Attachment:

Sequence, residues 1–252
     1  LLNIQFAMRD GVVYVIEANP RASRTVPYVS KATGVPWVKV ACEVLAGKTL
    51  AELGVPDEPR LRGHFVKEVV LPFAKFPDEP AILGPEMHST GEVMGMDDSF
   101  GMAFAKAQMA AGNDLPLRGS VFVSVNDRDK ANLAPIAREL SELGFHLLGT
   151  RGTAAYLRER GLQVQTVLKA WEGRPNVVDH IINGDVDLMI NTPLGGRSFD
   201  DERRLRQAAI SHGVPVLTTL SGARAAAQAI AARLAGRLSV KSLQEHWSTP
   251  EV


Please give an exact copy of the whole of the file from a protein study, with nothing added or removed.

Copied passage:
Sequence, residues 1–252
     1  LLNIQFAMRD GVVYVIEANP RASRTVPYVS KATGVPWVKV ACEVLAGKTL
    51  AELGVPDEPR LRGHFVKEVV LPFAKFPDEP AILGPEMHST GEVMGMDDSF
   101  GMAFAKAQMA AGNDLPLRGS VFVSVNDRDK ANLAPIAREL SELGFHLLGT
   151  RGTAAYLRER GLQVQTVLKA WEGRPNVVDH IINGDVDLMI NTPLGGRSFD
   201  DERRLRQAAI SHGVPVLTTL SGARAAAQAI AARLAGRLSV KSLQEHWSTP
   251  EV